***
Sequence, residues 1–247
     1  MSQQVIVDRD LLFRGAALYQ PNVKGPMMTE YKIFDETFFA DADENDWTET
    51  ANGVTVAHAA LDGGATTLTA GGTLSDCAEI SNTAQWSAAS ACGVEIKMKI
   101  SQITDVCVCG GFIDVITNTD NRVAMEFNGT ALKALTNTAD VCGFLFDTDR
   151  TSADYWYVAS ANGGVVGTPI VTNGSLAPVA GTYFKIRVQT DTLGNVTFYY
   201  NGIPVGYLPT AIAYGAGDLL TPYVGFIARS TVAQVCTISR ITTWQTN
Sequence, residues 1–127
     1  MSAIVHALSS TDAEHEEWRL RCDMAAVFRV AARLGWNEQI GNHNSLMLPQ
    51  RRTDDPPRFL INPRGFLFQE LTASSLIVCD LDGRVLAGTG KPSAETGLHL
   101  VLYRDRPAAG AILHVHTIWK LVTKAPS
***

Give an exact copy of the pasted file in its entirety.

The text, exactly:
Sequence, residues 1–247
     1  MSQQVIVDRD LLFRGAALYQ PNVKGPMMTE YKIFDETFFA DADENDWTET
    51  ANGVTVAHAA LDGGATTLTA GGTLSDCAEI SNTAQWSAAS ACGVEIKMKI
   101  SQITDVCVCG GFIDVITNTD NRVAMEFNGT ALKALTNTAD VCGFLFDTDR
   151  TSADYWYVAS ANGGVVGTPI VTNGSLAPVA GTYFKIRVQT DTLGNVTFYY
   201  NGIPVGYLPT AIAYGAGDLL TPYVGFIARS TVAQVCTISR ITTWQTN
Sequence, residues 1–127
     1  MSAIVHALSS TDAEHEEWRL RCDMAAVFRV AARLGWNEQI GNHNSLMLPQ
    51  RRTDDPPRFL INPRGFLFQE LTASSLIVCD LDGRVLAGTG KPSAETGLHL
   101  VLYRDRPAAG AILHVHTIWK LVTKAPS